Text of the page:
Despite the fact that these lengthy copyright terms have been a cultural disaster, and have imposed great costs on society without offsetting benefits to authors, the United States has led the charge to impose them on other countries whose copyright terms are "only" life plus fifty. For example, the Trans-Pacific Partnership Agreement would add 20 years to the copyright terms of half of its signing countries, and mandate the longer term as a minimum. Ponder that for a moment. We have a copyright term that even the top government copyright officials admit is a mistake. And we are locking ourselves into it permanently. And imposing it on others. Perhaps we need a.... Canticle… for the public domain.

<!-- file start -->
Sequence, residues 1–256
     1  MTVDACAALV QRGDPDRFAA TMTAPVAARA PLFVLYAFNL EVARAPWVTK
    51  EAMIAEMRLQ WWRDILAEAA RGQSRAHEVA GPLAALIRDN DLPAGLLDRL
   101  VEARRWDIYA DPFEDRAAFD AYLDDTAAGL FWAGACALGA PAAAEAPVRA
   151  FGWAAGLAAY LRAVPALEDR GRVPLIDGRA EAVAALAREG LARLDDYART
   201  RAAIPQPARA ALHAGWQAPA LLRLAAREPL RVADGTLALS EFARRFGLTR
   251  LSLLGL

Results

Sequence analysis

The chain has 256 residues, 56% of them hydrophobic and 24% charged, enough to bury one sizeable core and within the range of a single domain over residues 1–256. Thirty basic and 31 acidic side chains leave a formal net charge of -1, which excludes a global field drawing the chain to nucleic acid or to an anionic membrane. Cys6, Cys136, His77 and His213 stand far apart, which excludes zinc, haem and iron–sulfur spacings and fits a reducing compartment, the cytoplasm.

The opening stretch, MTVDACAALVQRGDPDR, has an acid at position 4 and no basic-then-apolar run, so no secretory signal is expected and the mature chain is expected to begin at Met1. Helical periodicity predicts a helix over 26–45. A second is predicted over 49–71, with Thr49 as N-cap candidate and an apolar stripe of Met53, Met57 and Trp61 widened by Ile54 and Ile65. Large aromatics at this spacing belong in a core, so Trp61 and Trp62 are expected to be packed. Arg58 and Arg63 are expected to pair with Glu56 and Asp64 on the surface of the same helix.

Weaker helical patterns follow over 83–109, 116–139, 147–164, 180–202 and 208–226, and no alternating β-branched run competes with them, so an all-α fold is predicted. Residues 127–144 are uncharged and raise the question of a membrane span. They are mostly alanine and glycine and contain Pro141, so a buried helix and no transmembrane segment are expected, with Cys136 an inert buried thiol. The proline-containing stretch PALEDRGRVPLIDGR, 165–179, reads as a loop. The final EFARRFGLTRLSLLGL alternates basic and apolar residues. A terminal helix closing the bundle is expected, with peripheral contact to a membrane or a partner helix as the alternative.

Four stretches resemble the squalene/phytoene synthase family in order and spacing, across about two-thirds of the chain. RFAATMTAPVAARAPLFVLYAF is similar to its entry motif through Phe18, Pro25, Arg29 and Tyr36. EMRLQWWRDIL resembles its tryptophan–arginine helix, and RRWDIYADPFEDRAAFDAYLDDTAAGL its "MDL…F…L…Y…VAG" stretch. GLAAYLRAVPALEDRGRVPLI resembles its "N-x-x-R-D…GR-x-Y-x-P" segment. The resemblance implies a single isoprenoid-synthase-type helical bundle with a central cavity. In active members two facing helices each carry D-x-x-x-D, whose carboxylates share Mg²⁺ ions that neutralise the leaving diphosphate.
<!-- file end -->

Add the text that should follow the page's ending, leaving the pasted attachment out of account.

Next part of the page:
1 The copyright term for works published between 1950 and 1963 was extended to 95 years from the date of publication, so long as the works were published with a copyright notice and the term renewed (which is generally the case with famous works such as those we are highlighting).
Many works published in 1959 are already in the public domain because the copyright holder did not comply with notice, renewal, or other copyright formalities. However, tracking down this information can be difficult (you can read just one of many illustrative examples collected by the Copyright Office here). Therefore, users often have to presume these works are copyrighted or risk a lawsuit (only works published before 1923 are conclusively in the public domain). You can read more about copyright terms from this excellent chart and from the US Copyright Office’s guide.